I later fixed this edge with sanding, caulk and spackle


I filled and smoothed this edge, too
 


Finally, success! Now to mount the dang thing. We knew we wanted the screws to be hidden, so the obvious place would be to mount them behind the hooks. But of course we needed to be on the studs, and we had no stud finder... so we went with the drywall inserts instead. I bought five hooks, so I measured the spacing from one end to the other and made my marks. We then drilled pilot holes for each, and held the board up to the wall to go back through the holes. Luckily, the far right hole happened to land in a stud, so we decided to just use one more drywall insert in the middle, and one on the end.



We counter-sunk those three holes so we could mount the hooks flush over them (the other two holes in the middle we just left as is, as they were no longer needed).

With the board finally sturdy, I used our laser-aligner and made my marks just below each hole for the hook screws. Worked like a charm, and here they are all lined up (with the proud hubby)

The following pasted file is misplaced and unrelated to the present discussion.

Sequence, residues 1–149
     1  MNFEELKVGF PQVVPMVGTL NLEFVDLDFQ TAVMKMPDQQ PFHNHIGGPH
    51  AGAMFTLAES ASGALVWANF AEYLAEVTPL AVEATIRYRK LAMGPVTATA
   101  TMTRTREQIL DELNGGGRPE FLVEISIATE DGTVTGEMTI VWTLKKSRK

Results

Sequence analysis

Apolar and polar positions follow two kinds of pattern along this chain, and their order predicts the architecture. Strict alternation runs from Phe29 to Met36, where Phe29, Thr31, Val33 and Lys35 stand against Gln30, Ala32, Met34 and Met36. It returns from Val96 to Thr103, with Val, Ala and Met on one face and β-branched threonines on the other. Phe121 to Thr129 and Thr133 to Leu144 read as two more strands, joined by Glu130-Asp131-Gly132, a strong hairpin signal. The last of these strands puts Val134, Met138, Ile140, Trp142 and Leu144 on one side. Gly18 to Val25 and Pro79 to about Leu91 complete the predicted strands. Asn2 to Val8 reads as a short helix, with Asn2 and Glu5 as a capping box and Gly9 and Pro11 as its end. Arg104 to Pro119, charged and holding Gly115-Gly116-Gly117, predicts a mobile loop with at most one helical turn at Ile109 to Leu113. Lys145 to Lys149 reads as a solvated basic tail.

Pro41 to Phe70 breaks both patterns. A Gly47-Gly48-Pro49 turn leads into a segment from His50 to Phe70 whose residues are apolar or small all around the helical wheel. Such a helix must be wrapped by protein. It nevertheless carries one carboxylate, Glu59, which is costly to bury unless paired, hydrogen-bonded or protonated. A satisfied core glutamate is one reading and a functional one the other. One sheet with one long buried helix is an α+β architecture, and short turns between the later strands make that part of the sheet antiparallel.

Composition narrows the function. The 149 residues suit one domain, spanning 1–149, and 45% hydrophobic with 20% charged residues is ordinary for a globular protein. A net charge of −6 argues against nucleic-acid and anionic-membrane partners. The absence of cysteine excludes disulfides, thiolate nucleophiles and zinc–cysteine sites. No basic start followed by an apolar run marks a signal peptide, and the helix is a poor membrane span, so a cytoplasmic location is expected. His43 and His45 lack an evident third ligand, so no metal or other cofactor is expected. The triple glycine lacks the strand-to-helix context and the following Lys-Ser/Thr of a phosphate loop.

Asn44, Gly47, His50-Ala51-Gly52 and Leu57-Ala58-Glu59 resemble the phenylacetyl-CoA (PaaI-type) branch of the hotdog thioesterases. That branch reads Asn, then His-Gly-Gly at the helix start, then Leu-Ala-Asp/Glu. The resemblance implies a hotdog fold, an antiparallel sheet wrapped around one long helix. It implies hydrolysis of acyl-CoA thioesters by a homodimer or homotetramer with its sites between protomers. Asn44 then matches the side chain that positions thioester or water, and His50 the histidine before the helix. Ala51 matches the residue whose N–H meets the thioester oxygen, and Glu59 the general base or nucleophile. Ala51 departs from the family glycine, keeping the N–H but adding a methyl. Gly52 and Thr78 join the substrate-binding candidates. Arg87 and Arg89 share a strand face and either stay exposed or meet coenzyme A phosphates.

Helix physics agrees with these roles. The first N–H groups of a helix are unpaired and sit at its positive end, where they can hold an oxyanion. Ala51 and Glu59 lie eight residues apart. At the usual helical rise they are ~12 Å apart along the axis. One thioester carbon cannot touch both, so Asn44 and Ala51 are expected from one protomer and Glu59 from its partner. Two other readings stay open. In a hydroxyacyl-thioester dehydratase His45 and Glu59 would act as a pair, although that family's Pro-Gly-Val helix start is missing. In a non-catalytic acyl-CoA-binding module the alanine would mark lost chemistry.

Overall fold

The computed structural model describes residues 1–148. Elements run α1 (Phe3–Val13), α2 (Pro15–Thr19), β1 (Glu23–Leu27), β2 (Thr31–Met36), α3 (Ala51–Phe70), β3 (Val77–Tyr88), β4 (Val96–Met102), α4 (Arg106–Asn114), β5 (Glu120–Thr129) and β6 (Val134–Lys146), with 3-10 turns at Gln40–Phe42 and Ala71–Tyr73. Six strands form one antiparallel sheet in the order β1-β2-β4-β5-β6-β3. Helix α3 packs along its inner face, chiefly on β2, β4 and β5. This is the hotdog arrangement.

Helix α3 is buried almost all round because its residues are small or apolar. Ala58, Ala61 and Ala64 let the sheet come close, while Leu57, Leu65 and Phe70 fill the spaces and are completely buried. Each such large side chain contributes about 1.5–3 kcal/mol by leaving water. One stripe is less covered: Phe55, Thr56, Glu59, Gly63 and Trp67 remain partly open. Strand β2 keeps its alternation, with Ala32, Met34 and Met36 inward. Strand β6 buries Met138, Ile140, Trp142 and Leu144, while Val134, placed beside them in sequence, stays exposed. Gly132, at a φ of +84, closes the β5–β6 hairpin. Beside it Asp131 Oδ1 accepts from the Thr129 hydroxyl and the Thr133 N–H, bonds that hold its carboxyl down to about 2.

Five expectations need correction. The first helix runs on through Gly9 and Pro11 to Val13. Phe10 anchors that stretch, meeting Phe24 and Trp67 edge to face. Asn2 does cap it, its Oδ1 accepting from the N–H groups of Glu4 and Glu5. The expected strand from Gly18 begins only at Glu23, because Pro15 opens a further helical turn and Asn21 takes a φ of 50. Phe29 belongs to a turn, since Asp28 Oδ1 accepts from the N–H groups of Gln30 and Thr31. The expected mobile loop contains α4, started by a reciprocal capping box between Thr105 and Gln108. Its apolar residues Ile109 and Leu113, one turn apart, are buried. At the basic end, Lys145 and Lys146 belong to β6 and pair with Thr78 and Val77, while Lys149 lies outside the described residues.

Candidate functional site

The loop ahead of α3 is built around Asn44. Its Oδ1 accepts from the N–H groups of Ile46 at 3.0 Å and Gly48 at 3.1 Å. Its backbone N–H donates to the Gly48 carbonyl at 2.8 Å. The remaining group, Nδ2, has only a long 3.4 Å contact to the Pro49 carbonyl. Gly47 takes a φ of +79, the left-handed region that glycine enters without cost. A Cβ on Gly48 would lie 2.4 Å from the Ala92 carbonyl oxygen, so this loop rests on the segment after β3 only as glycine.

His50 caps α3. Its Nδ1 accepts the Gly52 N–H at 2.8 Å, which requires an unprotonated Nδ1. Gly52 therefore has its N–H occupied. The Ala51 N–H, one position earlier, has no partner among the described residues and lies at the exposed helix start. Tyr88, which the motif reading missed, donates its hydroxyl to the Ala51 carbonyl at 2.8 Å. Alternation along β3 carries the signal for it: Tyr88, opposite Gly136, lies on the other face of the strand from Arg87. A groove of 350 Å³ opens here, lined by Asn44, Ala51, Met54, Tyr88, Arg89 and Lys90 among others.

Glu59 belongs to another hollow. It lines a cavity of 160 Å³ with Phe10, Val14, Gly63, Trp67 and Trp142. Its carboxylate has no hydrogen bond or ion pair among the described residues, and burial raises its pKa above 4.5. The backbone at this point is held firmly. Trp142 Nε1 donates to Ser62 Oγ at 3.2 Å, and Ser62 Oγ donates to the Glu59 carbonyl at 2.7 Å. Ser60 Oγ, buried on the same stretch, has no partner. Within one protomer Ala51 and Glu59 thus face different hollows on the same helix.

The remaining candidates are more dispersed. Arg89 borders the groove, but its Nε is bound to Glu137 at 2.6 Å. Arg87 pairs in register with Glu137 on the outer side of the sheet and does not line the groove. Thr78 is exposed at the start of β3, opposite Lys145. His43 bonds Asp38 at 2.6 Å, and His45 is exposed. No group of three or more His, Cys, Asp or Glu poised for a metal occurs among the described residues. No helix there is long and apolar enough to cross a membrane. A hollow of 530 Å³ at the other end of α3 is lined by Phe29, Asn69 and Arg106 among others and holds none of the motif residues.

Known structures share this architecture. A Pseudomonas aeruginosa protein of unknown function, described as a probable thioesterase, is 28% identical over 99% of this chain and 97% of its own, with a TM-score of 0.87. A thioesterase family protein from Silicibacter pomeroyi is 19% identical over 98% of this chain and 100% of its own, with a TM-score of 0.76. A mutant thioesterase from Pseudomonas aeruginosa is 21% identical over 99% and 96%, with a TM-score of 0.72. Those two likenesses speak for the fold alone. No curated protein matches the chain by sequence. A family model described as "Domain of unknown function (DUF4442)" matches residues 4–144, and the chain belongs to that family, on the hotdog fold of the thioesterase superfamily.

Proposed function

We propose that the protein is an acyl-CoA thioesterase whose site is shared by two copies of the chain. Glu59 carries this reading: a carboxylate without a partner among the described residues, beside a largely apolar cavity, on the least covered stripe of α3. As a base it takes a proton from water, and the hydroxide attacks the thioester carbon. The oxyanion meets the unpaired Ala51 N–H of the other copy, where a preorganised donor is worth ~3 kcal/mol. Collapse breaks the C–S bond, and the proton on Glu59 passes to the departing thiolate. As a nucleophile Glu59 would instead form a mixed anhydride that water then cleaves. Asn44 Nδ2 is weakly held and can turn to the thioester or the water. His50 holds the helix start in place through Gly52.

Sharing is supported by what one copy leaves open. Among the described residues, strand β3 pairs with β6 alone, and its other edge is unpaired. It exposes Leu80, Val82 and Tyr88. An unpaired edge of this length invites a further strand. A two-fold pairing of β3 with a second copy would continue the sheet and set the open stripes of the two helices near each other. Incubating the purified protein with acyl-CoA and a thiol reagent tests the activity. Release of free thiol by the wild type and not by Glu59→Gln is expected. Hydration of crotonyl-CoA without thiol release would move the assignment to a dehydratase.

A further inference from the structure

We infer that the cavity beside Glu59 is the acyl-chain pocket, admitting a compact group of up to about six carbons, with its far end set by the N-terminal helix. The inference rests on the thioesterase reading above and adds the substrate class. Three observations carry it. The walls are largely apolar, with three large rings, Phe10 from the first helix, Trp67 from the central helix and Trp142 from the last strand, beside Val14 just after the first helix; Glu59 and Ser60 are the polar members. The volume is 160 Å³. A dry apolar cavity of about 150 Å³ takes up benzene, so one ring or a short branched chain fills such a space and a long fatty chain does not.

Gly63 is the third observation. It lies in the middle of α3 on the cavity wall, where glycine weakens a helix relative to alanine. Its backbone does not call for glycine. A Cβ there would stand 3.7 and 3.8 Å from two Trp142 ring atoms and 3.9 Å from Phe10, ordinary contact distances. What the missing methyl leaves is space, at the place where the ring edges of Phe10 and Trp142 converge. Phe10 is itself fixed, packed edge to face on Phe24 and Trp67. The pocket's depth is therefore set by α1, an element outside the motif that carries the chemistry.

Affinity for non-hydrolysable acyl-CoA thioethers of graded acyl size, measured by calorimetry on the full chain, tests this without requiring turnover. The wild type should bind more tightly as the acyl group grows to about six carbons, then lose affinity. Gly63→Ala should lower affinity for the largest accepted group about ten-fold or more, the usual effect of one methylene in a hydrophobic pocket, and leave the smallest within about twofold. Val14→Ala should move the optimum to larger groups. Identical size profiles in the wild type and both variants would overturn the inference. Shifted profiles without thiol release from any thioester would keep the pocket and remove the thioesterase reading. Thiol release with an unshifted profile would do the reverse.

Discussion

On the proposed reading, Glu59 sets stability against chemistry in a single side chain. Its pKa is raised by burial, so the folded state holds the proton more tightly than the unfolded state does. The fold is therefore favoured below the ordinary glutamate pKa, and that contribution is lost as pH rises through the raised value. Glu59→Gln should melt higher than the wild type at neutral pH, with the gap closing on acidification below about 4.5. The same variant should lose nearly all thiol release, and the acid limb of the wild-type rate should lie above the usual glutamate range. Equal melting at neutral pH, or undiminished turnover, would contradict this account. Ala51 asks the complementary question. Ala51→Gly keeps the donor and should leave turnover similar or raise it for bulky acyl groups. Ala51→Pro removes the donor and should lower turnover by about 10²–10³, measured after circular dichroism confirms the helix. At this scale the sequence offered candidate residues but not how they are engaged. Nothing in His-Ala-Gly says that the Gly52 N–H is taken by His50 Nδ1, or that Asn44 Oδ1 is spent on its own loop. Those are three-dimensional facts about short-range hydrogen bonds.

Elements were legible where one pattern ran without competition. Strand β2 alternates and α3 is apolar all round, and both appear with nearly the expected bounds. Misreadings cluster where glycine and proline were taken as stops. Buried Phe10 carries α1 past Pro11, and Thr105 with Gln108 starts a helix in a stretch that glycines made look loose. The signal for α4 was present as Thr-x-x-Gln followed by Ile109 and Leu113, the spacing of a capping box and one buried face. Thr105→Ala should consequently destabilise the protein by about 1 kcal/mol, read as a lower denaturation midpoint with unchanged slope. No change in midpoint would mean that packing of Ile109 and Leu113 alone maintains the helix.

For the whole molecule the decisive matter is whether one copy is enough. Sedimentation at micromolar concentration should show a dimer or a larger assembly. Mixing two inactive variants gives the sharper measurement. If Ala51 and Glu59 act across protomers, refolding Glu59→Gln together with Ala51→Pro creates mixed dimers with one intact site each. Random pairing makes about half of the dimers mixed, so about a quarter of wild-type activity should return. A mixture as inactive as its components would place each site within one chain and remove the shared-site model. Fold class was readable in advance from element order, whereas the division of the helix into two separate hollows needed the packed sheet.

Here's a good before shot of the foyer. The coat rack was installed on the right (I posted the After shot of the left side in last week's post):

Before





Whew, so glad that's over! And proud for being able to pull it off, despite the lack of tools/knowledge.


Now here's the fun stuff. My storage bench from Target arrived!


Isn't she lovely? I love that it maches our room so perfectly... turquoise & cream. Yum. And she's not just pretty to look at, she's functional too: